May 23, 2012
Calif.‘s oldest female vet, 102, reaches out with compassion
This Memorial Day, World War II Veteran Bea Abrams Cohen will be attending ceremonies at Los Angeles National Cemetery, paying tribute to all the men and women who have died fighting while serving in the U.S. Armed Forces. But for this 102-year-old resident of Los Angeles, who is certainly California’s oldest female veteran — and possibly the oldest nationwide — it’s the living veterans, especially those who are suffering or in need, who have garnered most of her attention these past seven decades. “I want them to be treated with dignity and compassion,” Cohen said recently.
She backs up her words with actions. Last winter, walking into the West Los Angeles VA Medical Center, Cohen saw veterans going sockless. She promptly requested that all guests at her 102nd birthday party, celebrated by more than 150 people at the Radisson Hotel Los Angeles Airport on Feb. 21, bring new white socks to donate to the veterans. She collected more than 700 pairs.
Cohen knows firsthand the toll war can take on a family. She was born Shayna Bayla Hershcovi on Feb. 3, 1910, in Bucharest, Romania, the third child of Joseph and Matilda Hershcovi. She never knew her father; he died a soldier in the Romanian army when she was 3.
Her widowed mother, a seamstress, moved the family to the village of Buhusi. There, she agreed to an arranged marriage with Hyman Abrams, who had moved from Buhusi to Fort Worth, Texas, in 1890, and who had become a widower when his wife died after the birth of their ninth child. “He knew no American woman would agree to take care of nine children,” Cohen said. Abrams sent money, and the family prepared to leave.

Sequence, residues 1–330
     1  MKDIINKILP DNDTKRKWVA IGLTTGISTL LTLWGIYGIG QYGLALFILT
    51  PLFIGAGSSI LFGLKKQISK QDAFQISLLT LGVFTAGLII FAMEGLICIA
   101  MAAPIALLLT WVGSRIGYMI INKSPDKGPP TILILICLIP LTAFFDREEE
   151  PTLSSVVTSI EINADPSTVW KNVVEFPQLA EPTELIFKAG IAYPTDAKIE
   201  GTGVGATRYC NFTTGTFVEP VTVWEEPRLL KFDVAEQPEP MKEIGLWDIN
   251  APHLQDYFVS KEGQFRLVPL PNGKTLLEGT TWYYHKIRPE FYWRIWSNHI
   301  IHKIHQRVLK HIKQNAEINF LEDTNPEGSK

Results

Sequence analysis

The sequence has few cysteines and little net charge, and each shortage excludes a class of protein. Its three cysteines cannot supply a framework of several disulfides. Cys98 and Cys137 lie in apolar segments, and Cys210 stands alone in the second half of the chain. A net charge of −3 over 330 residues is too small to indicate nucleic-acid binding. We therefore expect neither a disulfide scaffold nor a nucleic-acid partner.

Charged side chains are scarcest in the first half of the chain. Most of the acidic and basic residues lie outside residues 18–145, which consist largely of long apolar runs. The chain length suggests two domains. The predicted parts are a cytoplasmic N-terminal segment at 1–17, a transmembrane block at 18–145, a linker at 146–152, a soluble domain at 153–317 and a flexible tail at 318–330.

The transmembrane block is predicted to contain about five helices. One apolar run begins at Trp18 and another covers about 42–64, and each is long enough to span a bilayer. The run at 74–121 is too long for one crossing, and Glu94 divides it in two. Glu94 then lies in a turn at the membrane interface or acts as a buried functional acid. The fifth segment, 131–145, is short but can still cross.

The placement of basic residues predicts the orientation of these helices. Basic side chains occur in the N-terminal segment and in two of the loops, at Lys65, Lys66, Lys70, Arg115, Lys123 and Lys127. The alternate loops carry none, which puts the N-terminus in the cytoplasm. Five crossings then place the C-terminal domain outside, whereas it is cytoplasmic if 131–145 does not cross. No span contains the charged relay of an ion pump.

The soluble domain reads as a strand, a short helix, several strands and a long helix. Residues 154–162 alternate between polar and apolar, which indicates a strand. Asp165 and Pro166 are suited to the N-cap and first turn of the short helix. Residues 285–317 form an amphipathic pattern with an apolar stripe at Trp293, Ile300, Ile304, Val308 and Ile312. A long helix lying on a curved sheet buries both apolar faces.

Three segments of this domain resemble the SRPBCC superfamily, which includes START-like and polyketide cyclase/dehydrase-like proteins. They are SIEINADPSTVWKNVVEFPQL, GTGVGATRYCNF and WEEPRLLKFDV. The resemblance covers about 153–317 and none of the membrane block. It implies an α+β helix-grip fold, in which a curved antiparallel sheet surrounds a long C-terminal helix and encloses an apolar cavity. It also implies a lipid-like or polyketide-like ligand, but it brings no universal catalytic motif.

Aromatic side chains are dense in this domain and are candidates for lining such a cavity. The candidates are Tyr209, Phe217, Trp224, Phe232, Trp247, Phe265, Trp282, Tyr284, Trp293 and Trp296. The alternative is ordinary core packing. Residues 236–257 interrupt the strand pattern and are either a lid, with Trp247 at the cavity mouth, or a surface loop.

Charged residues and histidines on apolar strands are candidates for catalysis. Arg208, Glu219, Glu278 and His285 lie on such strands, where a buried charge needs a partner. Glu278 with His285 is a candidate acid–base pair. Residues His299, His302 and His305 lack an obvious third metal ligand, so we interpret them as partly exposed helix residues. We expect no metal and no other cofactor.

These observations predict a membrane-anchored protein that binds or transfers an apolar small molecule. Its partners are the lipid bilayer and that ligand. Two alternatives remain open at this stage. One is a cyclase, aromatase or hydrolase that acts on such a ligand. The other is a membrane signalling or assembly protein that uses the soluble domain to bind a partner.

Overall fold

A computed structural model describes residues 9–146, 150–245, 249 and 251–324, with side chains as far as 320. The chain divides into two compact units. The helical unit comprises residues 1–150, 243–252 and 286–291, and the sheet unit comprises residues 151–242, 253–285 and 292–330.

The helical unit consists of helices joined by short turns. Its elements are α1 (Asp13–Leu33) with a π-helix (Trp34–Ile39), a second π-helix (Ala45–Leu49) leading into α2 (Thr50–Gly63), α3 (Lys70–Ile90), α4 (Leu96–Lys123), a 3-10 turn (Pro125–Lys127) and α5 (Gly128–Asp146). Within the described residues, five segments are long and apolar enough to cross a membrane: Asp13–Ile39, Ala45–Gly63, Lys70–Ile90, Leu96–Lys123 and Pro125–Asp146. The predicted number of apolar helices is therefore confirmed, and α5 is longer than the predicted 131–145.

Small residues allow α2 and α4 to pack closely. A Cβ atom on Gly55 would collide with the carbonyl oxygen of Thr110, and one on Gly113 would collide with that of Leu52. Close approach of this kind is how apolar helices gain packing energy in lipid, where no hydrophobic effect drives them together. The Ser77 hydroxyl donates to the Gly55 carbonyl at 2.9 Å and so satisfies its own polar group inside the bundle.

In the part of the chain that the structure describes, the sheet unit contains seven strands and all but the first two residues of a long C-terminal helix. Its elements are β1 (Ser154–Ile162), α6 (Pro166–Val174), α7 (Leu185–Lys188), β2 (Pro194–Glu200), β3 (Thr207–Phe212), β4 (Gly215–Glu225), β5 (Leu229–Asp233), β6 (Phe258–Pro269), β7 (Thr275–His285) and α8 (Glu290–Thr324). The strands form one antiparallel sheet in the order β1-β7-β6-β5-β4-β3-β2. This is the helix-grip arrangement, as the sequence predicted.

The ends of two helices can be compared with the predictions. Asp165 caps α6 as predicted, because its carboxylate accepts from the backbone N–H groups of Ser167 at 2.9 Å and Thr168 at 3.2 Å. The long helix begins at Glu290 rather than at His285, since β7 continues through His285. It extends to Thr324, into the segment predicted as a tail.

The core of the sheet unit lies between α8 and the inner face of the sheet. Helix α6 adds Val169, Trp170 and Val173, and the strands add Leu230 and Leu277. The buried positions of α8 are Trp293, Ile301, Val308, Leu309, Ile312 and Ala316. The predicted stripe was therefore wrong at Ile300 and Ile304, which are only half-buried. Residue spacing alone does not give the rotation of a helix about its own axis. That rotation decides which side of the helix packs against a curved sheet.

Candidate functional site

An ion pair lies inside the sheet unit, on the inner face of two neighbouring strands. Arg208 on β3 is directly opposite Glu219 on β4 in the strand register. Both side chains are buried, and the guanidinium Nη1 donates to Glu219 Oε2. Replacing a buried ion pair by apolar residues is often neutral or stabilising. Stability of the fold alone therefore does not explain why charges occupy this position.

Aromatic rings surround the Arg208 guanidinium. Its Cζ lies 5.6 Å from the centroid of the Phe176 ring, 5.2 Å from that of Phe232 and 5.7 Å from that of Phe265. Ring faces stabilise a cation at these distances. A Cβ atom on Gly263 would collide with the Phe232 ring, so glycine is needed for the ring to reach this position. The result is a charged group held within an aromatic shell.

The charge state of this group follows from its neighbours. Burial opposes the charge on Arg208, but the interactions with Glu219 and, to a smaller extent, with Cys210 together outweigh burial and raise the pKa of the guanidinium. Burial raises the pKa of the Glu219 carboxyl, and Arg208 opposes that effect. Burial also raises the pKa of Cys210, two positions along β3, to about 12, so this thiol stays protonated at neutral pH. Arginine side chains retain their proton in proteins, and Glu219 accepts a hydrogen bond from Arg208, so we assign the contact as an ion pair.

But soon after, Bea and her family heard unusual noises and ran outside to see airplanes — a strange and wondrous sight — flying very low across the sky. Cohen waved at one of the pilots. “He had a mustache,” she said. She believes the planes were headed to bomb a nearby factory. It was 1914 and the beginning of World War I. The family’s departure to America was delayed.
Finally, they arrived in Fort Worth, in 1920, with Cohen, her sister and mother dressed in red wool coats with lamb collars and buttons specially tailored by her mother. Cohen adjusted to her new, large family and enrolled in both public and Hebrew school. She was confirmed and also graduated high school.
In 1929, following one of Abrams’ older daughters, Cohen, her mother, Hyman Abrams and one brother relocated to Los Angeles, living off West Adams Street, near a kosher chicken shop and a few blocks from Beth Jacob Congregation. The rest of the children eventually joined them. Cohen attended school to learn shorthand and bookkeeping. After a short stint at the May Co., she worked at Adele’s Sportswear. Hyman Abrams, whom Cohen called Papa, died in 1939.
On Dec. 7, 1941, Cohen was on a movie date at the Pantages Theatre, located downtown, when, after 10 minutes, the screen went dark, the lights went up and a voice announced, “We’re at war. Go home.” Cohen was stunned.